Despite his own success on stage and in films, actor John Henry Redwood was frustrated with the lack of quality roles for Black actors. This frustration led him to playwriting, and now, twenty years after his death, his plays endure. “The Old Settler,” first performed in the 1990s, is his best-known work. Now, as the centerpiece of their 2023-2024 season, Bowie Community Theatre has made this tale of love and heartache their own.
…this play delivers…a thought-provoking treat that will have you laughing, crying, and longing for a hug from a lost family member. Don’t miss this engaging production!
Set in Harlem in 1943, the plot revolves around two middle-aged sisters. Practical Elizabeth has spent her life making sacrifices for others. She is an “old settler,” the Harlem colloquial term for spinster. Outspoken Quilly is recently divorced. Their lives are orderly and predictable until they take in a handsome, young boarder, Husband Witherspoon, from the rural community of Frogmore, South Carolina. He has come to New York searching for Lou Bessie, his girlfriend who left their hometown eight months earlier while he stayed behind to care for his dying mother.
Husband intends to find Lou Bessie, marry her, and return to Frogmore. Lou Bessie, however, is not about to give up city-living to be a farm wife. She now calls herself “Charmaine” and spends her evenings in night clubs. She stays with an ex-lover, the father of the child she left behind in South Carolina for her mother to raise. Her only interest in Husband is the inheritance he received upon his mother’s death.
Elizabeth is charmed by Husband, but Quilly is skeptical of both his intentions and his ability to survive in New York City. When a relationship blossoms between Husband and Elizabeth, Quilly is quick to point out the flaws in their May-December romance, and we learn this is not the first time a man has come between the sisters.
“Old Settler” is sometimes funny and sometimes heartbreaking, but always poignant. With the Great Migration, the Harlem Renaissance, and World War II as its backdrop, this play delivers, not just entertainment, but a slice of history and relevant social commentary on the Jim Crow South and the racism that persists in America today.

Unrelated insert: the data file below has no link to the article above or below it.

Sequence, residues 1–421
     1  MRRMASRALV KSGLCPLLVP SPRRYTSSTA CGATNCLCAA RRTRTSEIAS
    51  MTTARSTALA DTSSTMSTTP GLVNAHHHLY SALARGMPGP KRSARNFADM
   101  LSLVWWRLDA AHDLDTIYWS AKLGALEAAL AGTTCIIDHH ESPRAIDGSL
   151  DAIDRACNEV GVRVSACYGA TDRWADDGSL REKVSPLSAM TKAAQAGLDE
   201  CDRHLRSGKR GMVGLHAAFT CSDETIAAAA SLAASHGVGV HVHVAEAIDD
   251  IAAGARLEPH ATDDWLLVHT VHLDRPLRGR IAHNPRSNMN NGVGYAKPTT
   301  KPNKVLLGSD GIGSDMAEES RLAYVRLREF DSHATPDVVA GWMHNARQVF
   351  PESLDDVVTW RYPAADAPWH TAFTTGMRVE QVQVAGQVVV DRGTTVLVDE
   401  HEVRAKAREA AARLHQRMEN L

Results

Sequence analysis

Perhaps it is Director Lorraine Brooks’ roots in Harlem that give this modern classic heart and soul. Under her direction, the small cast is nothing short of magnificent. Native New Yorker Jennifer Thomas is radiant as the long-suffering, but hopeful, Elizabeth. Her tender, heart-felt performance earns a standing ovation and leaves the audience in tears.
As the sharp-tongued, quick-witted Quilly, Dionne Belk gives an outstanding performance with perfect comedic timing. The chemistry between Thomas and Belk makes “The Old Settler” a true love story, not of romance, but of the unbreakable bonds of sisterhood.
Brock Brown proves he is leading man material. He demonstrates a strong stage presence and is believable as the naïve Husband. Washingtonian Shiesha McNeil shines as the self-absorbed Lou Bessie.
In addition to splendid acting, the Bowie Community Theatre’s production of “The Old Settler” also offers a realistic set that captures the era. Furnished in what we would today call “shabby-chic,” Elizabeth and Quilly’s apartment is tidy and reflects the values of working-class Harlem. The sofa, chairs, and other furnishings look worn, but well-cared for. Sepia-tinted and black-and-white photos of loved ones adorn the walls and tabletops. The faded, vintage-looking wallpaper is the work of Set Painting Supervisor Rose Hull. She and the entire crew are to be commended for creating a “home” for the characters we love.
In short, “The Old Settler” is more than a delightful way to spend an evening or a Sunday afternoon. It is a thought-provoking treat that will have you laughing, crying, and longing for a hug from a lost family member. Don’t miss this engaging production!
Running Time: Approximately two hours and 15 minutes including one 15-minute intermission.
“The Old Settler” runs through December 10, 2023, excluding November 24-26, presented by Bowie Community Theatre at The Bowie Playhouse, White Marsh Park, Route 3 South, Bowie, MD 20716. For more information and to purchase tickets, go online.